6. Drink Coffee in the morning to early afternoon
Our cortisol (a stimulating hormone that wakes us up in the morning) is supposed to be high in the morning and decline later in the day. By drinking coffee at night, we are upsetting the delicate balances in our body of wakefulness and rest.
Drinking coffee in the morning as we are waking up supports the natural rhythm of our body rather than working against it. Ideally, you’ll want to finish your coffee intake by 2pm.
7. No Keurig K-Cups®
I know well the temptation of using those convenient little plastic cups. It’s so quick, and so many flavors! However, I think there is good reason to skip them. First, they’re horribly expensive, to the point you end up paying around $60/pound for coffee.
Second, they’re horribly wasteful. According to Mother Jones, all the K-Cups sold in 2013 could wrap the earth 10.5 times.14http://www.motherjones.com/blue-marble/2014/03/coffee-k-cups-green-mountain-polystyrene-plastic
Third, they are made from #7 Plastic which is “other” which means it is a blend of plastics. What is more, Keurig apparently won’t tell anyone what’s in their plastic cups, calling it “proprietary.” They say it is “BPA Free” but there is new information that even BPA-free plastics leech estrogen-like hormone disruptors which may be implicated in some cancers.
In the past I have used stainless steel re-fillable cups for the Keurig, but even then it’s hard to get the grind right so the water flows easily through, I still use a lot of coffee grounds, and it’s difficult to get the taste right.
8. Grind Your Own Coffee
Most people would agree that fresh ground coffee is better in all regards. Plus, you get to take a small part in the preparation of your coffee, and I think it’s important to have a hand in the things we consume, no matter how small, because preparing our own food tends to help us appreciate it more, and abuse it less. Not really a health thing here, but I think it’s a good idea.
9. Listen to Your Body
If you feel bad drinking coffee, feel progressively tired, get jittery, anxious, irritable, depressed, experience dizziness, have digestive upset even if it’s mild, or otherwise have an adverse effect, stop drinking it. I promise you won’t die.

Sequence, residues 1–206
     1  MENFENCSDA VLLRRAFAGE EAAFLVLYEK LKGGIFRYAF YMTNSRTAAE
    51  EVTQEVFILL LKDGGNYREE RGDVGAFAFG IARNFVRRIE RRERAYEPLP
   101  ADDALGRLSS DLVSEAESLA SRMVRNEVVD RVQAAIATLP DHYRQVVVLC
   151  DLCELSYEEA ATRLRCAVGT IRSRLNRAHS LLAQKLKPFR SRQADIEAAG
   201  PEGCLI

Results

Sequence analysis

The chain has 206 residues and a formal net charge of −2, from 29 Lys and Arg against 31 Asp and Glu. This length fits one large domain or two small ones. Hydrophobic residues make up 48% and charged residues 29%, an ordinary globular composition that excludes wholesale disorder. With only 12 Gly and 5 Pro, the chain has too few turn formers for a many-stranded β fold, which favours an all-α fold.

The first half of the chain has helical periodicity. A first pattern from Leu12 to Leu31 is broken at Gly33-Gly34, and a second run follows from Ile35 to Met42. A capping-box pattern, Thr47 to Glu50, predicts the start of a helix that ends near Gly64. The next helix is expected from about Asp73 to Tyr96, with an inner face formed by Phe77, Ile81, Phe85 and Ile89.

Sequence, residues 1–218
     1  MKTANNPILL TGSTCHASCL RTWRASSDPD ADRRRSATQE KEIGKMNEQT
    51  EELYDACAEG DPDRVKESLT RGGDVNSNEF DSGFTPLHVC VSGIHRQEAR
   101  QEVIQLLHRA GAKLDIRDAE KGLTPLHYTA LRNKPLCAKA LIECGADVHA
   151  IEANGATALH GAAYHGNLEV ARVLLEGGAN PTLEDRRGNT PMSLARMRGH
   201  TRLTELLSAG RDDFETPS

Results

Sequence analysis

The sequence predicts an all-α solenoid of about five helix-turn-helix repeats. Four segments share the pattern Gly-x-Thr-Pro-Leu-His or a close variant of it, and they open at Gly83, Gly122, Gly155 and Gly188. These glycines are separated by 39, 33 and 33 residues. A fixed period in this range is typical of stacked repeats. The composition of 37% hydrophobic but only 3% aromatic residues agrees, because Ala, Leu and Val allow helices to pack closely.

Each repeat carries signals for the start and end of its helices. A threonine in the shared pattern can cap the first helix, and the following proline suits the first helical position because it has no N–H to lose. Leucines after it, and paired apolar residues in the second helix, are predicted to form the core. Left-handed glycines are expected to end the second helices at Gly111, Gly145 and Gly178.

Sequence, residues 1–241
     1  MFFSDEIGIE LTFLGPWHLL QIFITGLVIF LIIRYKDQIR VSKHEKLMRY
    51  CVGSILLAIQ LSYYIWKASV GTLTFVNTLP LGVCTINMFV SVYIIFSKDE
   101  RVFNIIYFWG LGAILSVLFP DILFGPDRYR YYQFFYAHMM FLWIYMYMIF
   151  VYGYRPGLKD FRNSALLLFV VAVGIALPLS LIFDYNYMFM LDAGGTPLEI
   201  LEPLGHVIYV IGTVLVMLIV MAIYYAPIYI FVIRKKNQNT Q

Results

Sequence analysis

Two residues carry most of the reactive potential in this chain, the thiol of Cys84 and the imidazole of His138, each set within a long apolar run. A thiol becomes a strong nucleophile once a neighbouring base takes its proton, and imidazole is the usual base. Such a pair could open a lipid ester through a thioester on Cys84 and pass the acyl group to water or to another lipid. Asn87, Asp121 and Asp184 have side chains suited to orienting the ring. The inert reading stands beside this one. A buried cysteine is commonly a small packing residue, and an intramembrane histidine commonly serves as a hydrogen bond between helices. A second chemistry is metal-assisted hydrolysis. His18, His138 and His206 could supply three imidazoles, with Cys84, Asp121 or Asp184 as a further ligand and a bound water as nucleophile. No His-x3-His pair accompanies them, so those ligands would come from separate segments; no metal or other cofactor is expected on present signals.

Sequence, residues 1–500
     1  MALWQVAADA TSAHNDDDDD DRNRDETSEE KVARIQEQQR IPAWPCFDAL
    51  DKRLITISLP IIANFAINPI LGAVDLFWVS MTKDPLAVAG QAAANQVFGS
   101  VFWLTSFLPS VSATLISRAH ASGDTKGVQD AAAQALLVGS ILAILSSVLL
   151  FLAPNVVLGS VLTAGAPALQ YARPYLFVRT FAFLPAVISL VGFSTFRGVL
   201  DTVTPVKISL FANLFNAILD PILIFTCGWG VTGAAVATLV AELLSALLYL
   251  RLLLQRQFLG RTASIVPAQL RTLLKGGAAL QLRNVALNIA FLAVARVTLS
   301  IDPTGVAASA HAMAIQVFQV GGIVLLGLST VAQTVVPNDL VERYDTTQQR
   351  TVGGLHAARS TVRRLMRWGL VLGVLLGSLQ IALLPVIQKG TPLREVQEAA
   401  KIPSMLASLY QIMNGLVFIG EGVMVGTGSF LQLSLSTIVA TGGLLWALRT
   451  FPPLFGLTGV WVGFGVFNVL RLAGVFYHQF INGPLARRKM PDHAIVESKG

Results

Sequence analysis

If you’re drinking a lot of coffee (to me, that’s over 250 mg of caffeine in total per day from all sources) just to get through the day, you should probably cut back and get to the roots of your low energy issues rather than continuing to mask them with coffee.
Otherwise, enjoy this powerful medicinal brew responsibly!
To your good health & happiness,
References [ + ]
|1.||↑||Coffee Consumption and Risk of Liver Cancer: A Meta-Analysis, Larsson, Susanna C. et al. Gastroenterology, Volume 132 , Issue 5 , 1740 – 1745.|
|2.||↑||van Dam RM, Hu FB. Coffee Consumption and Risk of Type 2 Diabetes: A Systematic Review. JAMA. 2005;294(1):97-104. http://jama.jamanetwork.com/article.aspx?articleid=201177|
|3.||↑||Ross G, Abbott RD, Petrovitch H, et al. Association of Coffee and Caffeine Intake With the Risk of Parkinson Disease. JAMA. 2000;283(20):2674-2679. http://jama.jamanetwork.com/article.aspx?articleid=192731|
|5.||↑||Lopez-Garcia E, van Dam RM, Li TY, Rodriguez-Artalejo F, Hu FB. The Relationship of Coffee Consumption with Mortality. Ann Intern Med. 2008;148:904-914. http://annals.org/article.aspx?articleid=668690|
|7.||↑||Coffee consumption and mortality from all causes, cardiovascular disease, and cancer: a dose-response meta-analysis. 2014. http://www.ncbi.nlm.nih.gov/pubmed/25156996|
|8.||↑||Consumption of coffee is associated with reduced risk of death attributed to inflammatory and cardiovascular diseases in the Iowa Women’s Health Study. http://ajcn.nutrition.org/content/83/5/1039.full|
|9.||↑||Consumption of coffee is associated with reduced risk of death attributed to inflammatory and cardiovascular diseases in the Iowa Women’s Health Study. 2013. http://www.mayoclinicproceedings.org/article/S0025-6196(13)00578-8/fulltext|
|10.||↑||Coffee, CYP1A2 genotype, and risk of myocardial infarction. http://www.ncbi.nlm.nih.gov/pubmed/16522833|